Wednesday, October 15, 2008

Human Nature (Option 3)

Merriam Webster’s dictionary defines Pacify- to reduce to a submissive state. In this paper I will attempt to explore the pacified existence we are placing on nature.

Marcuse's beliefs about the purpose of technology are valid because I believe that is one of the main purposes of technology that is to pacify us humans most notably through forms of entertainment. That is the medium by which we are most pacified. Just look at someone playing their favorite video game or watching their favorite TV show. They are locked on to the TV or sometimes computer screen in a deeply pacified state. It is my belief that someone reading a book is pacified but to a lesser extent. This shows that the more advanced technology, the video game, pacifies someone more than a book does. This trend of increased pacification will continue until total pacification will occur whether or not we welcome it. The earliest ultimate form of pacification would be a merger of technology with humans in the form of an implant to play some form of virtual reality video game. This, to me, is the beginning of the end of technology mentioned by Marcuse. It is at this point that man ceases to become man alone and now is a cyborg that will exist in some sort of virtual reality realm like the holodeck of Star Trek. I think the actual end of technology will come when the artificial part of humans becomes dominant and or the natural part is no longer needed for decision making therefore pacifying the human component of the cyborg. The “logos of techics” translate roughly to “words of technique” which is the Greek words for technology; change the paradigm that always existed between men and nature.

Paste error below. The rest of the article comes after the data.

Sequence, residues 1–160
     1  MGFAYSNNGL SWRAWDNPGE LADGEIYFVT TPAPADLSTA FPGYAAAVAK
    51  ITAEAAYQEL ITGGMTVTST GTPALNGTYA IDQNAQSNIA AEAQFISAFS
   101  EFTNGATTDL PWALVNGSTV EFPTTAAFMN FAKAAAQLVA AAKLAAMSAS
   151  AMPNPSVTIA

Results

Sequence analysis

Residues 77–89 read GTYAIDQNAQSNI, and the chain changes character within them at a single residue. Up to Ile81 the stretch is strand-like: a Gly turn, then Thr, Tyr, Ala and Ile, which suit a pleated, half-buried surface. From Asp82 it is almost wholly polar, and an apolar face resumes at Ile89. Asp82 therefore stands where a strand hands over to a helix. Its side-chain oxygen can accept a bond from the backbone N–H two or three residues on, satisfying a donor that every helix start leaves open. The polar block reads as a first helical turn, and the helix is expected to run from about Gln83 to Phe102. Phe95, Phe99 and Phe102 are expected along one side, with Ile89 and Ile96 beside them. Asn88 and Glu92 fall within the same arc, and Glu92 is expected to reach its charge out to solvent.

The first sentence of (b) is a striking one to me because it makes me wonder if there is joy or happiness in nature. I have come to the conclusion that there is none and that joy and happiness are purely human things. When an animal catches its prey it’s not happy that it has dinner, it is merely surviving. The animal is functioning based only on its instincts. Nature is ruthless. Humans on the other hand are different, they have joy and happiness which, according to Marcuse is unnatural and therefore reduces nature to a passive state. Marcuse says that some societies place black races inferior to white, but “civilization produces the means to free nature from its own brutality, by virtue of the power of reason” That certainly is the case here in most developed countries where equal value is placed on both races.

The “nature” Marcuse is getting at isn’t nature like forest and wild animal nature, but rather human nature. Human nature is being “freed from its own brutality by the transforming power of reason.” Therefore human nature and its barbarity is being pacified and the reasoning power that causes it is the “technics” or technology.

Lyotards phrase “-technology wasn’t invented by us humans. Rather the other way around.”(12) tells us that we ourselves evolve to fit the role that technology now ascribes to us. For instance when a new technology is invented say for instance the cell phone—we incorporate it into our lives and evolve to use it and depend on it. When it is removed from us we cannot fathom our lives without it, so in a way we are pacified by it even though it also enables us to do things with it than we couldn’t have done without it. Take for instance when our cell phone networks have hiccups and your phone doesn’t work for 20 minutes or so. I surely get frustrated and anxious because I feel out of sync with the world it seems.